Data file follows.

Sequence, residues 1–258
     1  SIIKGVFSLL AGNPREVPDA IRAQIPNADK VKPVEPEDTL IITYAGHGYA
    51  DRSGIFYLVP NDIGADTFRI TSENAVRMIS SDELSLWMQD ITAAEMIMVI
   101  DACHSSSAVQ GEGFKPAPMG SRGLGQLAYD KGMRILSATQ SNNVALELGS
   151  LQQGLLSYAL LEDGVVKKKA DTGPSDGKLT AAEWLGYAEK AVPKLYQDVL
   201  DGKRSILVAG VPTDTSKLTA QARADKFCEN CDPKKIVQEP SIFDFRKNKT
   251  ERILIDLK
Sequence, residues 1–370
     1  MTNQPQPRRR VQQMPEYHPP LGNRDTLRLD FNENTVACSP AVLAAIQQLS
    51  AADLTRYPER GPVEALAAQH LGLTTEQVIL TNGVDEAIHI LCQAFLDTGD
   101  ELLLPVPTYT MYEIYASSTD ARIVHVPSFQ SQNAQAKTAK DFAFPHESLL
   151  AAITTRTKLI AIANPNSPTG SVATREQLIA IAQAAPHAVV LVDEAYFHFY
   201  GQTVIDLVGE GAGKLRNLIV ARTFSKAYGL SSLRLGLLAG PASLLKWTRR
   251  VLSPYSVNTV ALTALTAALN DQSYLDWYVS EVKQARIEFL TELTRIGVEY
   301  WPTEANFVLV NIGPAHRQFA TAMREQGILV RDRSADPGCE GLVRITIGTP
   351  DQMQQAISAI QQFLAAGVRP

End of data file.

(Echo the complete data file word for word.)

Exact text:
Sequence, residues 1–258
     1  SIIKGVFSLL AGNPREVPDA IRAQIPNADK VKPVEPEDTL IITYAGHGYA
    51  DRSGIFYLVP NDIGADTFRI TSENAVRMIS SDELSLWMQD ITAAEMIMVI
   101  DACHSSSAVQ GEGFKPAPMG SRGLGQLAYD KGMRILSATQ SNNVALELGS
   151  LQQGLLSYAL LEDGVVKKKA DTGPSDGKLT AAEWLGYAEK AVPKLYQDVL
   201  DGKRSILVAG VPTDTSKLTA QARADKFCEN CDPKKIVQEP SIFDFRKNKT
   251  ERILIDLK
Sequence, residues 1–370
     1  MTNQPQPRRR VQQMPEYHPP LGNRDTLRLD FNENTVACSP AVLAAIQQLS
    51  AADLTRYPER GPVEALAAQH LGLTTEQVIL TNGVDEAIHI LCQAFLDTGD
   101  ELLLPVPTYT MYEIYASSTD ARIVHVPSFQ SQNAQAKTAK DFAFPHESLL
   151  AAITTRTKLI AIANPNSPTG SVATREQLIA IAQAAPHAVV LVDEAYFHFY
   201  GQTVIDLVGE GAGKLRNLIV ARTFSKAYGL SSLRLGLLAG PASLLKWTRR
   251  VLSPYSVNTV ALTALTAALN DQSYLDWYVS EVKQARIEFL TELTRIGVEY
   301  WPTEANFVLV NIGPAHRQFA TAMREQGILV RDRSADPGCE GLVRITIGTP
   351  DQMQQAISAI QQFLAAGVRP